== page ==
Activists still want minimum wage increase despite "get a job" gaffe

07/13/12 Janelle Irwin
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Last week at a Fourth of July event in Treasure Island, member of Congress Bill Young told a constituent to “get a job”. The comment from the longtime Republican politician was in response to a question about raising the minimum wage and sparked national outcry from those who thought it was offensive. A YouTube video of the comment has more than 34,000 hits so far.

“Hi, I’m Pepe. How are you?

"I’m good."

"Happy Fourth of July."

"Thank you."

"Jesse Jackson Jr. is passing a bill around to increase the minimum wage to ten bucks an hour, do you support that?"

"Probably not."

"Ten bucks an hour to give us a living wage?" "How about getting a job?"

"I do have one. I make $8.50 an hour".

"Why do you want that benefit? Get a job.

“I have a job, but it’s not enough to get by on."

Pepe Kovanis, the constituent in the video, recently started his own business growing organic vegetables. At a press conference today in St. Pete about the issue, Kovanis said the current minimum - $7.67 per hour – isn’t a living wage.

“I really do think ten dollars an hour is fair, it’s a livable wage. I think anything short of that would be difficult. People would struggle to still get by. I mean, of course I’d welcome it but I really think we need ten dollars an hour.”

Because he is self-employed, a change to the minimum wage would not directly affect him. But Kovanis thinks the $8.50 an hour he makes in profits would go up because people would have more spending power. He also doesn’t agree with the argument that raising the minimum wage would cost taxpayers more money.

“You would reduce the amount of public assistance that’s going out to the people because now they’re earning it. They would then be paying more income tax on the money they bring in.”

Kovanis wasn’t the only one unhappy with Young’s behavior last week. Progressive activist Bill Hurley who is active with groups like the Florida Consumer Action Network and sometimes the Occupy Movement, asked Young why more isn’t being done to help low-income veterans. Young didn’t respond and instead, walked away from Hurley who is a veteran.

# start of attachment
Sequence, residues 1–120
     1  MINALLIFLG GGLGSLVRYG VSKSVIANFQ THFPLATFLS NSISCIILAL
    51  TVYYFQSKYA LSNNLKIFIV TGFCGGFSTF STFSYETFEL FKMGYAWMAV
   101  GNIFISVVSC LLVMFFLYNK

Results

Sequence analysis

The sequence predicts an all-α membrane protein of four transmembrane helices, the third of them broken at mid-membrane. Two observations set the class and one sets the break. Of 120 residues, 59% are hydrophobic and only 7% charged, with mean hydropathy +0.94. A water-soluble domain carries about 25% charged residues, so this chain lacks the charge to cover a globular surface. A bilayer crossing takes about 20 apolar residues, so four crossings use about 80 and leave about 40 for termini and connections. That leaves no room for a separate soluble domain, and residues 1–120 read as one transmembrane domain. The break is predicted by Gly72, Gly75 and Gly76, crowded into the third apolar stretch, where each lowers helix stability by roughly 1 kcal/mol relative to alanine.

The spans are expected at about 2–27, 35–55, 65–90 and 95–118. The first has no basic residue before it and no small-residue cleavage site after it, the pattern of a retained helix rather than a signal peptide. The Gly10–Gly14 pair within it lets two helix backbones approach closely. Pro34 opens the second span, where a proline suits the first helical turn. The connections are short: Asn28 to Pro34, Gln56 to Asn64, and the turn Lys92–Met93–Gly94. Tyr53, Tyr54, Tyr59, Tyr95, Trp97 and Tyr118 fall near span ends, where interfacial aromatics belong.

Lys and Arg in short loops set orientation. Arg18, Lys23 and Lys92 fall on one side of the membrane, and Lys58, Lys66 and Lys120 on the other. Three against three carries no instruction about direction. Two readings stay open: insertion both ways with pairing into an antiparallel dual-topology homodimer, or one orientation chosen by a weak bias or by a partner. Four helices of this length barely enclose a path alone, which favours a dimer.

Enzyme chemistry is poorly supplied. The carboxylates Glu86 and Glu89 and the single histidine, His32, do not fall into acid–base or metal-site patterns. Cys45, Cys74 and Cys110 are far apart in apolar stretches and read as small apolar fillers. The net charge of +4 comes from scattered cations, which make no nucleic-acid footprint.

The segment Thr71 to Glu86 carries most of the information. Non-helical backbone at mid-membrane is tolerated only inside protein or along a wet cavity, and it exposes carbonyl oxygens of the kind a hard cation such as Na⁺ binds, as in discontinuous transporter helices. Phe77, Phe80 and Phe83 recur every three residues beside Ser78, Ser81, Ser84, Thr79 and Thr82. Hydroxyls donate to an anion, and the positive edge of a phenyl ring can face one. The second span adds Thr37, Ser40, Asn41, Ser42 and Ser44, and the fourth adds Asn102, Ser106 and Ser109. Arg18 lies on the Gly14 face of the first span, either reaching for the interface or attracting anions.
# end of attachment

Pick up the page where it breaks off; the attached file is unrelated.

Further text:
“I kind of got mad at because he’s my representative and he shouldn’t be walking away no matter if the questions are hard. If you ask me a hard question I’m going to sit here and try to answer it as honestly as I can. I expect the same from somebody I voted for which I’ll never do again.”

Both Hurley and Kovanis said they’re frustrated and want an apology and a commitment from Young that he will meet with them. As of today, they haven’t gotten either. It’s raised concerns that after more than 50 years in politics, he’s out of touch with voters. One of Young’s opponents in next month’s Republican primary, Darren Ayres, offered his would-be constituents the meeting they want. A member of his campaign staff, Karena Morrison, said Ayres isn’t focused on raising the minimum wage, but Young handled the disagreement in policy inappropriately.

“Darren is basically is concerned about everyone getting jobs and basically what he said was, people without a job – you can’t really get more minimum than that. He wants to work for a healthy economy. But sitting down and reaching out to Pepe and having a conversation and explaining that to him he felt was imperative to be a true representative of the people.”

Peggy Goodale, another constituent at the press conference, said she was still shocked at the way he handled the questions. She said it hasn’t done his campaign any favors, but anticipates the member of Congress bouncing back from it.

“He’s clever and he’s able to turn things. He can vote certain ways but he comes out as being for things. I think his staff at his office are just wonderful people and really keep people from being more angry. If he didn’t have such good staff handling people, there would be more anger I think.”

The Florida Consumer Action Network has been compiling signatures urging Young to apologize for his “get a job” comment. They plan to deliver the petitions to his district office in Seminole on July 24. According to a spokesperson for the group, that day is significant because it’s the third anniversary of the last time minimum wage was increased.

WMNF tried to reach Young for comment, but he did not respond by air time.

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